D.C. Fire Chief Theodore Coleman yesterday called the four-alarm fire at U.S. Postal Service headquarters Monday night suspicious in origin, as officials of the Public Broadcasting System released a damage estimate that called their technical equipment housed in the building a total loss.
Although there was no specific reason to consider arson as the cause of the L'Enfant Plaza blaze, Coleman said, its origin was viewed as suspicious because of the speed with which it spread.
Mary Jane McKinven , a spokeswoman for PBS, said insurance investigators and PBS officials toured the building yesterday, and that much of the loss involved broadcasting transmission equipment, tape and editing machines and computers. The condition of about 100 program tapes recovered has not yet been determined, McKinven said.
She said a "preliminary estimate" of damage to PBS property was more than $12 million. Damage throughout the building has been estimated at $100 million by D.C. fire officials.
"When a fire was of such magnitude to cause real problems" by the time firefighters had arrived, Coleman explained, "that's when we classify it as suspicious." He said that the fire at Postal Service heaquarters, which investigators say may have caused as much as $100 million in damage, "spread faster than it should have." He added, however, that "We have no reason to specifically consider arson" as the cause.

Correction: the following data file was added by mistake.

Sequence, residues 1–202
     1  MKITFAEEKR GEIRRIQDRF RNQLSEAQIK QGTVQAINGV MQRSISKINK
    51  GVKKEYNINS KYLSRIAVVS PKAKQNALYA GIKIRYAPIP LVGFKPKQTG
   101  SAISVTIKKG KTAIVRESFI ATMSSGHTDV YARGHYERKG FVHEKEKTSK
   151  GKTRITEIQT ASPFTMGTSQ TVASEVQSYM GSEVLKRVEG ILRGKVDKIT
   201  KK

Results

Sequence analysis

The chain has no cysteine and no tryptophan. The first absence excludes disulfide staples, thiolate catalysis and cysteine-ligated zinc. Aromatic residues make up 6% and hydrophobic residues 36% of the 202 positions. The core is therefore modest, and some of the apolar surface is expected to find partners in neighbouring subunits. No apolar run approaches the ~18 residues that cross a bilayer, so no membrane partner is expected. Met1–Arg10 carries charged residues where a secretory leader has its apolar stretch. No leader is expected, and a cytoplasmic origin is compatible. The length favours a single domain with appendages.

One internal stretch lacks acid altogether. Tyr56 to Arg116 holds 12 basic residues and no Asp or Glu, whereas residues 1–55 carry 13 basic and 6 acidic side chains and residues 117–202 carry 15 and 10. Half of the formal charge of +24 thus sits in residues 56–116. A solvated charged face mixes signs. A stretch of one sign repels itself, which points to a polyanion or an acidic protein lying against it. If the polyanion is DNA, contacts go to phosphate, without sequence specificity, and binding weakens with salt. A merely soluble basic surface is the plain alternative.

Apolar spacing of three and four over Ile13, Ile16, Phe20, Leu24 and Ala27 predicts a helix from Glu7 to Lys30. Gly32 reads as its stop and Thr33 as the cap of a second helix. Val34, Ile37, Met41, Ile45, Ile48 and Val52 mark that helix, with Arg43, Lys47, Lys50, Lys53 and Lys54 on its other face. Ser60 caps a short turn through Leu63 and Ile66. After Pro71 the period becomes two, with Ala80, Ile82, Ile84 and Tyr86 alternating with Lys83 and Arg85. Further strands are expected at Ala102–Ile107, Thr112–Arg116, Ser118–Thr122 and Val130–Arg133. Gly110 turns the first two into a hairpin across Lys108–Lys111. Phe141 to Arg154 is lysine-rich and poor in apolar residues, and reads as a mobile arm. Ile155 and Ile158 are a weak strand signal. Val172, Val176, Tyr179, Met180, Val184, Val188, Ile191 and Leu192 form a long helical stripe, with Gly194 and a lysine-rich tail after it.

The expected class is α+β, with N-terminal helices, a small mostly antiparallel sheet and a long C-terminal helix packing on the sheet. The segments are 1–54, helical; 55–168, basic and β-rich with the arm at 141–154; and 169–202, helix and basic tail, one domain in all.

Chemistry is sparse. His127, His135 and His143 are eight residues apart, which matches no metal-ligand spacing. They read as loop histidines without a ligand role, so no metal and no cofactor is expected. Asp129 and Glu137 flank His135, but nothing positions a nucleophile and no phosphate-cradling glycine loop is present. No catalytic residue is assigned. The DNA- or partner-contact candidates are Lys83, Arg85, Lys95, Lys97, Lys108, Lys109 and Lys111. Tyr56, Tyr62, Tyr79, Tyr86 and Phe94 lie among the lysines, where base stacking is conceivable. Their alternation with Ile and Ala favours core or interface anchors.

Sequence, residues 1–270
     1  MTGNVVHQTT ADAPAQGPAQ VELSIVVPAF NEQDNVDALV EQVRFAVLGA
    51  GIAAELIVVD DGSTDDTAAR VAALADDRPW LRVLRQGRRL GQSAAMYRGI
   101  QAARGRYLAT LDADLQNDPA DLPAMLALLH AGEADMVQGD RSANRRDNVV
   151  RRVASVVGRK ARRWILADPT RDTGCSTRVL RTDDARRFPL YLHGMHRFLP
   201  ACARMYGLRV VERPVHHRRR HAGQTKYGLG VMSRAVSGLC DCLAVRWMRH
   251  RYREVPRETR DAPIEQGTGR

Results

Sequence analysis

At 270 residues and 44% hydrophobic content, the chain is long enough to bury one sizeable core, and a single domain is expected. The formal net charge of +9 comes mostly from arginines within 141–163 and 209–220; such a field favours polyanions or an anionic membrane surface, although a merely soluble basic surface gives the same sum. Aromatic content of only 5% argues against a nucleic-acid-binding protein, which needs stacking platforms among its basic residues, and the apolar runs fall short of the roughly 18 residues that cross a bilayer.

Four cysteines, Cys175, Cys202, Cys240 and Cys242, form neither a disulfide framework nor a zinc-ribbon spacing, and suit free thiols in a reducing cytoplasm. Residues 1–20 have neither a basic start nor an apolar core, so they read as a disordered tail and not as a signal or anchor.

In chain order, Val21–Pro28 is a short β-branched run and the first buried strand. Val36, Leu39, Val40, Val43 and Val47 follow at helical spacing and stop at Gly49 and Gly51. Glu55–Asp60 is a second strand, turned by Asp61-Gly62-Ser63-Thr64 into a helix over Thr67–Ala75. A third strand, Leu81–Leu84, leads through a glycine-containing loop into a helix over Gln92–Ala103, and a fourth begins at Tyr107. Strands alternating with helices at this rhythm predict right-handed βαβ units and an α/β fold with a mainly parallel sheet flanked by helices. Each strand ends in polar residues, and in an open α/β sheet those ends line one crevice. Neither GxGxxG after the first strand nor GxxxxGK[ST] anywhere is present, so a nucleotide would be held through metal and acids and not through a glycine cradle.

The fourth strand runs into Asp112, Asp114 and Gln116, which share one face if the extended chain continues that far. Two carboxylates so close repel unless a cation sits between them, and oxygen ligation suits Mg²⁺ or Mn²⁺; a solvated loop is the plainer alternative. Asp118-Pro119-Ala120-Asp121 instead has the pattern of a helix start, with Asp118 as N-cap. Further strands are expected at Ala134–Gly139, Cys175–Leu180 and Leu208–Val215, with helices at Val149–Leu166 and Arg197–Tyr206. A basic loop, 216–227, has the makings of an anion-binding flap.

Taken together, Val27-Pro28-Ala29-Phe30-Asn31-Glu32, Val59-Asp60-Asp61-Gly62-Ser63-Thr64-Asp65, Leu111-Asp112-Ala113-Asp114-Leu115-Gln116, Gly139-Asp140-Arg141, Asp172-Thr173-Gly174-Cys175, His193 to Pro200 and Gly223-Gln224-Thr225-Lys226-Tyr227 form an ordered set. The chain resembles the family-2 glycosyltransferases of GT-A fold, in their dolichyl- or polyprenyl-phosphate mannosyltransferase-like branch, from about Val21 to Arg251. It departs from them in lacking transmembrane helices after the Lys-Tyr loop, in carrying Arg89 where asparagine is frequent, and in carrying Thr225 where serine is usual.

Coleman said that investigators have not ruled out the possibility that the cause of the fire was accidental. Fire officials "can't say" if that is the case, he said, but "if through further investigation, the cause turns out to be something different than suspicious , the classification will be changed."
Coleman said that fire investigators still have to interview security guards, custodians and elevator operators in the building "to get a feel for what happened."
He said there were "large volumes of debris" from the ninth floor -- where the fire originated -- that have to undergo labratory tests before a final determination can be made on the cause of the blaze. He said he expected the results of those tests in about a week.
It is unknown what time the fire started, Coleman said, and "we cannot determine how long it was burning" before firefighters arrived.